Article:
By Animesh Sasmal Tuesday July 14, 2020
After the last month’s solar eclipse, India is going to witness another rare cosmic scene in the sky.
A newly discovered comet C/2020 F3, also known as Neowise, which has been spotted from several parts of the world, will now be visible in India. From Tuesday, 14th July after the sunset, Comet Neowise will be clearly visible for Indians stargazers.
Comet Neowise will be clearly visible in the north-western sky of India for the next 20 days from 14th July, said Deputy Director of Pathani Samanta Planetarium in Odisha.
NASA’s special space observation telescope ‘NeoWise‘, first captured the comet on March 27, 2020. So the comet has been named after the NeoWise telescope. At that time it was a 10th magnitude comet, located 2 AU (300 million km; 190 million mi) away from the Sun and 1.7 AU (250 million km; 160 million mi) away from the Earth.
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Comet Neowise will be bright enough to be visible for observers in the northern hemisphere, can be observed from India also.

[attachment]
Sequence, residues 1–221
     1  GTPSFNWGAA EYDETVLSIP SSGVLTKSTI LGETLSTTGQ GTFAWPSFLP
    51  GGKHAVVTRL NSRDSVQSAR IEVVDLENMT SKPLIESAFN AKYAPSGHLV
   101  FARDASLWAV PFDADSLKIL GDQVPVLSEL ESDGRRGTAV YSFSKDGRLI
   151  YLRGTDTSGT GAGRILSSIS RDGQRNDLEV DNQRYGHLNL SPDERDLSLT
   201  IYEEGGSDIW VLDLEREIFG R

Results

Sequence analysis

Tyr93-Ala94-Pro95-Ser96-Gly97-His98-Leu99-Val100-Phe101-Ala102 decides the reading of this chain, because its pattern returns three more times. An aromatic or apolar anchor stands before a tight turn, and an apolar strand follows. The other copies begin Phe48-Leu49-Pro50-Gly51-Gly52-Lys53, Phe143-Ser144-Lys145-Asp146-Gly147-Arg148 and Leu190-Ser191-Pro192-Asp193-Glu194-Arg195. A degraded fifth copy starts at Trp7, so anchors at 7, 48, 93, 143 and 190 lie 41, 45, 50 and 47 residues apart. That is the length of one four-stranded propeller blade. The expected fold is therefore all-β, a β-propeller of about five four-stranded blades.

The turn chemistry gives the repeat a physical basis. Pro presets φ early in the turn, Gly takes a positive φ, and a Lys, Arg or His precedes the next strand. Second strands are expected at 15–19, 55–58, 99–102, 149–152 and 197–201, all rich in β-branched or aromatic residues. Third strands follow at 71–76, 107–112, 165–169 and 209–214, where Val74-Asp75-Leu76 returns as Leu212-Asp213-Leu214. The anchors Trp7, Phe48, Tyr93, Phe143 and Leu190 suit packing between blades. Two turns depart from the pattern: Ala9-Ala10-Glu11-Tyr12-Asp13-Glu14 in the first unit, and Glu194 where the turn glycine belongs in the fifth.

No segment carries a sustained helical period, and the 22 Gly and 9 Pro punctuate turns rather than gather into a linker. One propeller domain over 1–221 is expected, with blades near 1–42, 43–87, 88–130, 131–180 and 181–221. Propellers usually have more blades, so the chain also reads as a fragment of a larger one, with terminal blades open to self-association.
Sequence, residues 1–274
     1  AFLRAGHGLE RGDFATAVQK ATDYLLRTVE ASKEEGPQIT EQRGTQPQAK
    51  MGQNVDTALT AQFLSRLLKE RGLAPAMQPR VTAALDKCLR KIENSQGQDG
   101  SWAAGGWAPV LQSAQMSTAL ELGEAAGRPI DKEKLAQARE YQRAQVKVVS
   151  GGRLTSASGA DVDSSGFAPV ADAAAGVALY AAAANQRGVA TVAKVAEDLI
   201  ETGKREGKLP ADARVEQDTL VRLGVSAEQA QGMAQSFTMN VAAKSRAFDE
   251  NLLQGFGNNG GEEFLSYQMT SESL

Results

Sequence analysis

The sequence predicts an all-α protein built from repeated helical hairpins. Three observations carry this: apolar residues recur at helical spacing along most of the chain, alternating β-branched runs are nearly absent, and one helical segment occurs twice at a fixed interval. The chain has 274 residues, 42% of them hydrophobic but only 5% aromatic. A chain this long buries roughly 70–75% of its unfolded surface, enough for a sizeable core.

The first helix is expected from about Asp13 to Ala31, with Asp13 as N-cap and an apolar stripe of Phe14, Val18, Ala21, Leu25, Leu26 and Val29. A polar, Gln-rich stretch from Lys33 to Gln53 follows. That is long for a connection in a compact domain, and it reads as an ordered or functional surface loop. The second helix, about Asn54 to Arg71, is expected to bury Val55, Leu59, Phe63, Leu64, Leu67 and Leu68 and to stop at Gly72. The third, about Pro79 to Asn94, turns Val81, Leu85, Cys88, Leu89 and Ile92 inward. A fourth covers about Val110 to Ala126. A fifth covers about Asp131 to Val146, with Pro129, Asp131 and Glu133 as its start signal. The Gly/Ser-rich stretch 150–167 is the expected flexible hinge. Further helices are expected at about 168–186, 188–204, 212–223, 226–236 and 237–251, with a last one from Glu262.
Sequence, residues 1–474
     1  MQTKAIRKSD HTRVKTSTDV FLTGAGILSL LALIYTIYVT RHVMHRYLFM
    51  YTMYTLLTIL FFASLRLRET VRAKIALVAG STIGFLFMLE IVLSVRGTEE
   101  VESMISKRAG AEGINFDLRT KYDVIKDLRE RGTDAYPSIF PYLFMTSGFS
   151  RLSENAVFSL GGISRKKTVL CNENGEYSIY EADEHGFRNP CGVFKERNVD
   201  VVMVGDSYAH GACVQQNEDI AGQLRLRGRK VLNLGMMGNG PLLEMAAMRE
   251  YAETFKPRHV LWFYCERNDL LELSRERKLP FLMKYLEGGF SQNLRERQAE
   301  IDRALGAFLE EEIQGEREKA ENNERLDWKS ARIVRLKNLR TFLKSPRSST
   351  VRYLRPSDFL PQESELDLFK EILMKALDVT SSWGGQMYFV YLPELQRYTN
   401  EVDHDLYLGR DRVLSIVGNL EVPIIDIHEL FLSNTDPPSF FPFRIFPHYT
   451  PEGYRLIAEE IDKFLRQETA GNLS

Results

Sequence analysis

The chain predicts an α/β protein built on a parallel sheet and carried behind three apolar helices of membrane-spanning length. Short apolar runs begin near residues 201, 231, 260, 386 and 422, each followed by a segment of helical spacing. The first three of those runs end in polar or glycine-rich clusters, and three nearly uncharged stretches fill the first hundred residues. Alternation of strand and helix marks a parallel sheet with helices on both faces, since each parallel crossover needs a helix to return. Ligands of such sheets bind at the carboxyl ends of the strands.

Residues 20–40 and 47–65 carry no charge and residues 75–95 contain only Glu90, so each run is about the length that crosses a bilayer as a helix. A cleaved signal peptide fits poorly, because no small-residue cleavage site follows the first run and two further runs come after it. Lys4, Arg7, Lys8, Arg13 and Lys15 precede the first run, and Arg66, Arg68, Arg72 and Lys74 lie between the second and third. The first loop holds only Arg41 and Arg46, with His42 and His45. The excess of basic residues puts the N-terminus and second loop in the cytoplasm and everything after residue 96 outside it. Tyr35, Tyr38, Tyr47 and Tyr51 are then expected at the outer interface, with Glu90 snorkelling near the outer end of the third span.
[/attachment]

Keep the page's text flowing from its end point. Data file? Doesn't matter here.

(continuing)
Subhendu Pattnaik, deputy director of Pathani Samanta Planetarium, Bhubaneswar, said Comet NeoWise will be seen in the north-western sky for around 20 minutes after the sunset every day for the next 20 days.
The comet provides a stunning night-time show after buzzing the sun and expanding its tail.
Yes, you can able to see the rare comet with your naked eye. After the sunset for around 20 minutes every day in the north-western sky of India from 14th July 2020. In the dark skies with little or no light pollution, binoculars are needed to see the long tail, according to NASA.
However, at this time due to the monsoon season in India, the rainy sky can stand in the way of this beautiful view.
The comet will be visible across the Northern Hemisphere until mid-August, when it heads back toward the outer solar system.
According to NASA, The next time this comet will be visible from Earth will be the year 8,786 – which is almost over 6,700 years later.
The Comet Neowise is notable for being one of the brightest visible to observers in the northern hemisphere since Comet Hale–Bopp in 1997.